Take the 2-minute tour ×
Stack Overflow is a question and answer site for professional and enthusiast programmers. It's 100% free, no registration required.

I want to use the code below and I want to use it for "unknown size of input". For example there is an array int cac[1000][1000]. I can use vector<vector<int> > array;, then how can i initialize it with -1 ? Any suggestions?

#include <sstream>
#include <iostream>
#include <vector>
#include <cstdlib>
#include <memory.h>

using namespace std;

int cac[1000][1000];
string res[1000][1000];
vector<string> words;
int M;

int go(int a, int b){
 if(cac[a][b]>= 0) return cac[a][b];
 if(a == b) return 0;

 int csum = -1;
 for(int i=a; i<b; ++i){
  csum += words[i].size() + 1;
 if(csum <= M || a == b-1){
  string sep = "";
    for(int i=a; i<b; ++i){
        sep = " ";
  return cac[a][b] = (M-csum)*(M-csum);

 int ret = 1000000000;
 int best_sp = -1;
 for(int sp=a+1; sp<b; ++sp){
 int cur = go(a, sp) + go(sp,b);
 if(cur <= ret){
    ret = cur;
    best_sp = sp;
 res[a][b] = res[a][best_sp] + "\n" + res[best_sp][b];
 return cac[a][b] = ret;

int main(int argc, char ** argv){
memset(cac, -1, sizeof(cac));
M = atoi(argv[1]);
string word;
while(cin >> word) words.push_back(word);
go(0, words.size());
cout << res[0][words.size()] << endl;
share|improve this question
What semantics would you expect -1 to have? –  ildjarn May 3 '12 at 18:55
I'm confused, can you maybe explain what you're looking to do in a little more depth? –  pg1989 May 3 '12 at 18:56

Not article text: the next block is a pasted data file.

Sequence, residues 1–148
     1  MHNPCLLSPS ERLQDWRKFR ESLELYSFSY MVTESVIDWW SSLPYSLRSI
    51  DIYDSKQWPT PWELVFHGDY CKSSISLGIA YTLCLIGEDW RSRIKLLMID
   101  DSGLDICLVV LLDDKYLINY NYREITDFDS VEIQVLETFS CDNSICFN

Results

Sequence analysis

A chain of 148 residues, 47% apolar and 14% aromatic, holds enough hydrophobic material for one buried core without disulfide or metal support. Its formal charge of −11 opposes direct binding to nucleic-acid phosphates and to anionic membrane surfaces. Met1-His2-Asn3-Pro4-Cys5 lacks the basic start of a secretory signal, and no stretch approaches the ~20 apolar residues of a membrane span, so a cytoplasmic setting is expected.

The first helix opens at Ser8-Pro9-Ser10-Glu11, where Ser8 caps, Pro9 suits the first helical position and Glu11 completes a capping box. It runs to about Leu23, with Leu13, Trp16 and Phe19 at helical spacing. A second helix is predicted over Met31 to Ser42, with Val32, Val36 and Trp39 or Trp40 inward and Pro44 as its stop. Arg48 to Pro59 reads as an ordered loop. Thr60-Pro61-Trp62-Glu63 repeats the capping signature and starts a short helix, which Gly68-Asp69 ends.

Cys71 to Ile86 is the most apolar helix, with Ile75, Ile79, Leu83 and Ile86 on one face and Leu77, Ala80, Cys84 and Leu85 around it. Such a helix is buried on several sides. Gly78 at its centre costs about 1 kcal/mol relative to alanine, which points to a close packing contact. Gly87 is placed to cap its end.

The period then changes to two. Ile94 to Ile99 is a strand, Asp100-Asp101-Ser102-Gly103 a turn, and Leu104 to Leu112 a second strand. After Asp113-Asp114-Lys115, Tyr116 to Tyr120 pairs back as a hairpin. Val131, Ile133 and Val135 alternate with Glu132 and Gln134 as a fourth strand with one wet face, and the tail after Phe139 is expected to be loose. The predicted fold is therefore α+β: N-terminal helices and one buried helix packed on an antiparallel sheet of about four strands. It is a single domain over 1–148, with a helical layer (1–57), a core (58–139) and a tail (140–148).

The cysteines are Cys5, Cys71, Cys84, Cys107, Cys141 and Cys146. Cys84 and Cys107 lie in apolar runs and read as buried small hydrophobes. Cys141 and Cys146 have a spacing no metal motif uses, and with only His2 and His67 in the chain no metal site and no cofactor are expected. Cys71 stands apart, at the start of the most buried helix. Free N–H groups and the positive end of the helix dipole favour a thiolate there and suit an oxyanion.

An infinite array is a linked list. That is what it sounds like you want. –  Tejs May 3 '12 at 18:56
std::map<int, std::vector<int>> That will work better for you I think. –  andre May 3 '12 at 19:06
@vk7x : if (cac[i].empty()) { /*not initialized*/ }... –  ildjarn May 3 '12 at 19:07

2 Answers 2

Using std::vector from the STL is much more straightforward than the following solution, which was pointed out in the comments for this post. I find that this site explains that topic effectively: http://www.learncpp.com/cpp-programming/16-2-stl-containers-overview/

An array of infinite size is not actually possible. However, you can achieve basically that effect using dynamic allocation. Here's some sample code:

int counter = 0;
int* myArray = new int[1000];

Fill the array with data, incrementing counter each time you add a value. When counter reaches 1000, do the following:

int* largerArray = new int[2000];
for( int i = 0; i < 1000; i++ )
    largerArray[i] = myArray[i];
delete[] myArray;
myArray = largerArray;

With this method, you create the closest thing possible to an infinitely sized array, and I don't believe performance will be an issue with the copy piece

share|improve this answer
I don't believe that type of mistake is deserving of a downvote for my post. You are correct though, good suggestion –  TheResolute May 4 '12 at 1:00
My downvote was incentive for you to change your post. And it will be withdrawn once you have done so. –  Nicol Bolas May 4 '12 at 1:58
I didn't realize that was possible. That's pretty funny, thanks for the tip XD . –  TheResolute May 4 '12 at 6:48

What you can do is to use a associative array, where the key is a pair (rowPosition, ColumnPosition). When you want to set array[i][j] you just add or update the value assoArray[Pair(i,j)]. You can assume that any element which is not in the associative array has the initial value.

In general infinite multidimensional arrays are used for theoretical purpose.I hope i didn't misunderstood the question.

share|improve this answer

Your Answer


By posting your answer, you agree to the privacy policy and terms of service.

Not the answer you're looking for? Browse other questions tagged or ask your own question.